I haven’t been reading all of the articles now coming out of the so-called “Facebook Papers”. But this article from the Post captures some important issues, ones that aren’t tied necessarily to the specific revelations getting the most attention but a general picture. There are two big focuses to the piece. The first is that for a company of its scale Facebook still has an extremely top-down management structure. Basically Zuckerberg is deep in the details and makes all the big decisions. The second is that he has repeatedly shot down internal ‘harm reduction’ proposals because they threaten core engagement metrics.
I noted a few weeks back that these tradeoffs get to the heart of Facebook’s problem and the heart of what the site is. The harm is inherent to Facebook’s business model. When you find ways to reduce harm they’re almost always at the expense of engagement metrics the maximization of which are the goal of basically everything Facebook does. The comparison may be a loaded or contentious one. But it is a bit like the Tobacco companies. The product is the problem, not how it’s used or abused. It’s the product. That’s a challenging place for a company to be.
But this article captures something a bit different. Facebook now makes up a very big part of the whole global information ecosystem. In many countries around the world Facebook for all intents and purposes is the Internet. The weather patterns of information as we might call them are heavily shaped by Facebook’s algorithms and the various tweaks and adjustments it makes to them in different countries. Facebook may not create the misinformation or hate speech or hyper-nationalist frenzies but its algorithms help drive them.
What this article shows is first that the guiding light for those algorithms is first to maximize engagement. That part we know. That’s the business model. But in a different way they are driven by goals and drives of this one guy, Mark Zuckerberg. Often I think of these high profile CEOS or founders as symbols of a corporate culture but not necessarily really the guys running the show. This article and much else makes pretty clear that it really is still Mark Zuckerberg that runs the show. And what drives him? This article and much else suggests that what shapes Zuckerberg’s goals are perhaps three things in descending order: 1) to win (in all its dimensions), 2) to maximize profits and 3) to cater to the complaints of the right which is most effective and aggressive about complaining about purported mistreatment.
One interesting anecdote in the article comes out of Vietnam, where Facebook is estimated to make about $1 billion a year. A few years ago Vietnam demanded that Facebook start censoring anti-government posts or really any criticism of the government or be taken off line in the country. Essentially Vietnam insisted that Facebook delegate content moderation within Vietnam to the government of Vietnam. Zuckerberg personally made the decision to agree to the demands.
He apparently justified this on the reasoning that Facebook disappearing in Vietnam would take away the speech rights of more people than the censorship would. If that sounds like self-justifying nonsense thank you for reading closely. The Post piece focuses on the money part of the equation. But my read is that it was more the ‘winning’ part than the money, though of course the two become somewhat indistinguishable. So Zuckerberg is a near free speech absolutist, as the story conveys. Except when it might mean going dark in a medium-to-large-sized country.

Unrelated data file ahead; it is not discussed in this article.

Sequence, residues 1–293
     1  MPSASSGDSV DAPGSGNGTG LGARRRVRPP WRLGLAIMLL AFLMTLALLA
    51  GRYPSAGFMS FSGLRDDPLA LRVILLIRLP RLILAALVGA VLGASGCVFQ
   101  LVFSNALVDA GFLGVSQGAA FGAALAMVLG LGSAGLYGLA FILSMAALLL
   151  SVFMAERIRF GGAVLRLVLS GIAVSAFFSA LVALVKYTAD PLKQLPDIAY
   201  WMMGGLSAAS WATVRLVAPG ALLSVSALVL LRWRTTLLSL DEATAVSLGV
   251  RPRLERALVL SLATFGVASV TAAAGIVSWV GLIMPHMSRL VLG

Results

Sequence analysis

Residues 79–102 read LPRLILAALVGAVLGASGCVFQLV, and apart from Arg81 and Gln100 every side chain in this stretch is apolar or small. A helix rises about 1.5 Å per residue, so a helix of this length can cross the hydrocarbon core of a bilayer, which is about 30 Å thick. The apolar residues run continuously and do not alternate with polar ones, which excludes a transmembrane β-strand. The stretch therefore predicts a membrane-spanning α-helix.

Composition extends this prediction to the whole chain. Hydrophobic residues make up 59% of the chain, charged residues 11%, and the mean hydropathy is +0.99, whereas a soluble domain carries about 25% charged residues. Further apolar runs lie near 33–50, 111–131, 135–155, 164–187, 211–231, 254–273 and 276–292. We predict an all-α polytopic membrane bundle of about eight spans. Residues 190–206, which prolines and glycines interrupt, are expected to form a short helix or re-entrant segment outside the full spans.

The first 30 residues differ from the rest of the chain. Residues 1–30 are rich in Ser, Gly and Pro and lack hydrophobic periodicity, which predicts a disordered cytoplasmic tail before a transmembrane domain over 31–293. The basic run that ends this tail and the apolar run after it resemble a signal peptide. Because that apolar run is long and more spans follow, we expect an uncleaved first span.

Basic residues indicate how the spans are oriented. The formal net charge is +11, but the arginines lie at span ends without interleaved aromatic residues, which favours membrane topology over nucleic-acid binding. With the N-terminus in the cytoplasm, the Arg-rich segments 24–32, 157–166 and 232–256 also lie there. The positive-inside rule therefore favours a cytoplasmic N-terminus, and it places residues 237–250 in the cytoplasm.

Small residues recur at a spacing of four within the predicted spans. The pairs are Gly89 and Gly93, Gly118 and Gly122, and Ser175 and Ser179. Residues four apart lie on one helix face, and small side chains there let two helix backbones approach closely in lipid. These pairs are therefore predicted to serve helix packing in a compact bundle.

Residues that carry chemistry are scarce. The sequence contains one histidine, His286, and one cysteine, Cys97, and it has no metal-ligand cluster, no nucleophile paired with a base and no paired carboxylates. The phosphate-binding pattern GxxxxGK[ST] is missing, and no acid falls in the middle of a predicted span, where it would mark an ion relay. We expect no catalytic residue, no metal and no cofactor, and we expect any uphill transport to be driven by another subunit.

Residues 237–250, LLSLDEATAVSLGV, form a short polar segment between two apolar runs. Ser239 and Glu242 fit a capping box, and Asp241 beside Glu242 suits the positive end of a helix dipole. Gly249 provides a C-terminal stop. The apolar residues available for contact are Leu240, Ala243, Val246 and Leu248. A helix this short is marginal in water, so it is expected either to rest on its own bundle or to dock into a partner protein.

Part of my response to all of this is admittedly banal: this is just too much power for one person to have. But it’s more that the win, win, win!!! mentality which certainly lots of CEOS and especially Founder-CEOS have in spades is here harnessed to an engine that does a lot of damage. Tech journalist Kara Swisher, who has interviewed Zuckerberg numerous times over many years, notes that it would be easier to make sense of this if Zuckerberg were an evil guy or an “asshole” as you she puts it. But he’s not, in her estimation. He is or at least was earnest and in his own way even well-meaning. She chalks some of it up to a privileged and infinitely fortunate life in consequences or bad things happening was just never really a thing. And so the bad consequences Facebook can do are never as obvious or important as the cool things it does. And if some things get broken, well … there must be a technical fix.
Back in 2018 I wrote about a distinct but related issue. No big tech company has been worse at launching off on new ventures or ideas, having whole cottage industries grow up around those ventures, and then shifting gears and having countless partner businesses go belly up. Capitalism ain’t bean bag. So this isn’t the same as polarizing society or fomenting extremism or driving mental health problems for big chunks of the population. But there is a related indifference or oblivious to the impact or social costs of what Facebook does, if in many case only because of its sheer scale. This isn’t just corporate culture, or perhaps Zuckerberg himself. A lot of it is tied to Facebook’s relationship to the rest of the web. Google is structurally much more connected to and reliant on the open web. Facebook is much more a closed system which remains highly profitable regardless of the chaos it may create around it.
The irony is that as a data company, Facebook is actually especially, if not uniquely, able to quantify a lot of that damage. Probably lots of companies do all sorts of harm. But they’re not in the metrics business. So there’s no data staring them in the face. Here they do. And basically it doesn’t matter. Or it doesn’t matter if it comes at the expense of the engagement metrics which drive the winning and the money.